Laxity of Land-Use Regulations
Back in June I attended an Institute for Humane Studies seminar for graduate students where Jason Sorens, among others, lectured. Sorens, a professor at University of Buffalo, SUNY, has an interesting post on the interplay between land-use regulations and economic growth. Looking at the top ten states with increased economic growth between 2000-2007 (Wyoming, Nevada, Florida, South Dakota, Arizona, Arkansas, Texas, North Dakota, Oklahoma, and Louisiana), he found that all ten realized slow growth in housing prices during the recent bubble. Moreover, the laxity of land-use regulations as a key facet to these states’ increases in economic growth leads Sorens to reason that:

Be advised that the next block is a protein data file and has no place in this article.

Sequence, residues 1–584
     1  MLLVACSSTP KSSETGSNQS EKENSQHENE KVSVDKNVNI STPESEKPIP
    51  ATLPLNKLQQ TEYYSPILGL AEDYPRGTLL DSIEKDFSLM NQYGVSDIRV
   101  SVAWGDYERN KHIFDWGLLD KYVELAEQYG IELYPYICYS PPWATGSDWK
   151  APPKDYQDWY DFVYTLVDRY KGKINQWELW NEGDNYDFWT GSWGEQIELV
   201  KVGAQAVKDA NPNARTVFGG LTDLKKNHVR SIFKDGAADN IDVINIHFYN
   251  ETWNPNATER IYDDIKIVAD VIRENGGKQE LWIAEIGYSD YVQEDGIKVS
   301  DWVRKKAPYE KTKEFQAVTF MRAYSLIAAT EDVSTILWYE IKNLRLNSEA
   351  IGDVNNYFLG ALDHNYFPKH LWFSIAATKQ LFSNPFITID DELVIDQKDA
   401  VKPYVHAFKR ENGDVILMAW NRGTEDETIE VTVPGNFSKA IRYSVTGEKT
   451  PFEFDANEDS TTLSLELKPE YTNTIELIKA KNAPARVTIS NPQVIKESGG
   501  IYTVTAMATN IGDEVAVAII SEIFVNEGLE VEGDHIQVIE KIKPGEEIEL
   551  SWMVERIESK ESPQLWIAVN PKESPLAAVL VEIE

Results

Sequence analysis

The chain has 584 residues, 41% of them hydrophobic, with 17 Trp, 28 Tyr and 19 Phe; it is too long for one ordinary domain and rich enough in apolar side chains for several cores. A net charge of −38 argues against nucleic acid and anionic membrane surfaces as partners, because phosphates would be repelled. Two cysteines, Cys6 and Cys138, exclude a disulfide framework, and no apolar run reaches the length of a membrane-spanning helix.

…[T]he big story of growth in those states that have experienced it in the last decade: lack of land-use regulation –> slow growth in cost of living –> more in-migration –> more income growth. Highly regulated states like California (-0.4% annual growth), Oregon (0.1%), Massachusetts (0.1%), and New Jersey (0.3%) could learn something. If we are entering a “great stagnation,” we may have to squeeze increases in living standards out of lower prices rather than innovation for a while.
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